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Ex-FSU star, others battle to clean up their image

Before Dec. 29, Florida State linebacker A.J. Nicholson firmly believed he was worthy of being a first-round pick in the NFL draft.

He still believes that. But considering his potential legal trouble, he will need an impressive performance on and off the field during the NFL scouting combine to realize that.

Nicholson, 22, is the subject of an open investigation by Hollywood, Fla. police. Authorities are considering charges after a 19-year-old woman told investigators she was sexually assaulted at the Seminoles' team hotel in the early morning hours of Dec. 29, just days before the Orange Bowl.

Nicholson, who was sent home by school officials for violating team rules, broke his silence Sunday.

"I made a mistake by letting a female in after curfew, and that's the reason why I got suspended from the Orange Bowl," he said. "I asked the lady to get out, and she got mad. I'm very remorseful, very sorry. I let my teammates down, let myself down, let my family down, my coaches. I learned a valuable lesson through all this."

Nicholson is one of several players at the combine trying to convince NFL teams their brushes with the law won't prevent them from contributing as a pro. Others include Virginia Tech quarterback Marcus Vick and Florida defensive back Dee Webb. The interviews with team officials are critical for players with what the NFL calls "characters issues," especially players such as Nicholson, whose situation remains unresolved.

"If they're paying money to have you on their team, (teams) should want to ask and should want to know, and are obligated to know," Nicholson said. "I have no problem answering any questions."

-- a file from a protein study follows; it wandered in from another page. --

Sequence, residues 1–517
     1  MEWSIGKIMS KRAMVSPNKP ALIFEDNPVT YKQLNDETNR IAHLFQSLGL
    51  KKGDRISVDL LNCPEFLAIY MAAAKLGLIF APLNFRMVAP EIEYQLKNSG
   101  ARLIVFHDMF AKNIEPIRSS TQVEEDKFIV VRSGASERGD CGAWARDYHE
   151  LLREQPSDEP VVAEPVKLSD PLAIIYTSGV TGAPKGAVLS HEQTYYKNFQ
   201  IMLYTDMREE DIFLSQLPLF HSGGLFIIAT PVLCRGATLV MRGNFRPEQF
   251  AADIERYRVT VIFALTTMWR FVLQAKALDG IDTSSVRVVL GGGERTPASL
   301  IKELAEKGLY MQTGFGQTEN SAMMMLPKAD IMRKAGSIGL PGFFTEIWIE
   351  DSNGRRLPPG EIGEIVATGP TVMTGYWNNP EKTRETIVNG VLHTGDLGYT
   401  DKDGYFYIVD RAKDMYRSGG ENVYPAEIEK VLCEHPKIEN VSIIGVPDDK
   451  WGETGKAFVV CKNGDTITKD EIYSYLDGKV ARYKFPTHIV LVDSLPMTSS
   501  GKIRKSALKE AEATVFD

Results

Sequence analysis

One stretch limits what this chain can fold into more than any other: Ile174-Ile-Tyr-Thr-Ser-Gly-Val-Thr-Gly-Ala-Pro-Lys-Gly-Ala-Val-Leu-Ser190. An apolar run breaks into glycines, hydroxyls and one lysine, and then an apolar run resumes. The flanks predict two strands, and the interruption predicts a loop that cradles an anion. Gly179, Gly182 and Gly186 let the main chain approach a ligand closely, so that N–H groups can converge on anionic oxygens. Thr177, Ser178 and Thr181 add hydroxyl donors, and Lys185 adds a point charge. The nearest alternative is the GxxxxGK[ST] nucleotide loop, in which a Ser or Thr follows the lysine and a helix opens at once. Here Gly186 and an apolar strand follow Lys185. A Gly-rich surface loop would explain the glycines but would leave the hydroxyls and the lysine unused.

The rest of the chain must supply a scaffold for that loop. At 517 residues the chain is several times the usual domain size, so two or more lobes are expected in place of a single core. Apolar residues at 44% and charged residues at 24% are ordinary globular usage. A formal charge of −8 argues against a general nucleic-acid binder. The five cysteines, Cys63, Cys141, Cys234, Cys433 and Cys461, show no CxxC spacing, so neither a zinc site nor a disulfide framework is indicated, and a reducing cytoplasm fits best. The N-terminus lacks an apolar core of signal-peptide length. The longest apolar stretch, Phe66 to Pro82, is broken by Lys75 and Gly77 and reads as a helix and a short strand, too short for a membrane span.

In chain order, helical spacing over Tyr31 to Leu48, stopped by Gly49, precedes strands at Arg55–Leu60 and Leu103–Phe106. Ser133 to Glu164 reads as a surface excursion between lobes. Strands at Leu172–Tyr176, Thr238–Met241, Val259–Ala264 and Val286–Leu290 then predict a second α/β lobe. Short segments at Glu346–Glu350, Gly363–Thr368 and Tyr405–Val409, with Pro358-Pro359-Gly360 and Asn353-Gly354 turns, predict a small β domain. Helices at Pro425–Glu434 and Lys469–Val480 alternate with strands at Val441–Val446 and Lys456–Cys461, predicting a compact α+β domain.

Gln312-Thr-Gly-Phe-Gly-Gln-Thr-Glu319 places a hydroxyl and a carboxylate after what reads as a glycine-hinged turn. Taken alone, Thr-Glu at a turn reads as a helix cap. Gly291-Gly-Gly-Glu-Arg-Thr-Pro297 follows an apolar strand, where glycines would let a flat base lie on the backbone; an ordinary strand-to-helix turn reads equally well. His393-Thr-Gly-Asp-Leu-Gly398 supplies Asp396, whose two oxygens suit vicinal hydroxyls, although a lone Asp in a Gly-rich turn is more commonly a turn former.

And though Nicholson, who led FSU in tackles for the second straight season, is holding on to the hope of being a first-round pick, he is realistic about his situation.

"It hurt me because it kind of damaged my character and put me in a light that I don't want to be put in," he said. "They know I'm a good player."

Nicholson didn't go into detail about Dec. 29, but he acknowledged knowing the woman from Tallahassee. Police have not announced a time for completing the investigation.

Nicholson, who was measured at 6-foot and 232 pounds during his physical, also will be confronted with questions about pleading no contest to a DUI charge in August, for which he was sentenced to six months' probation, and another scrape with police that didn't result in charges.

Virginia Tech's Vick was suspended for the 2004 season because of legal problems. He was reinstated for his junior season in 2005 but was dismissed after the Gator Bowl. He has had at least five run-ins with police during the past two years, including a 30-day jail sentence for three counts of contributing to the delinquency of a minor.

Vick said he will tackle the many questions "just by telling them how it is, and telling them the truth. I'm not going to go in there and bite my tongue, and beat around the bush or lie about situations because they'll find out the truth."

Gainesville police decided Tuesday not to charge Webb in an incident involving a shot fired with a AK-47 rifle into an occupied apartment adjacent to his residence. Webb, who was present during the shooting, owns the rifle but did not fire it, police said. No one was injured.

Still, teams likely will inquire about the incident.

And he, like others with what the NFL considers character issues, will find out April 29-30 how their actions have impacted their draft status.

"I just want a team to give me a shot," Vick said. "It doesn't matter the round, or how much money we're talking. I just want a shot to be able to prove my ability."

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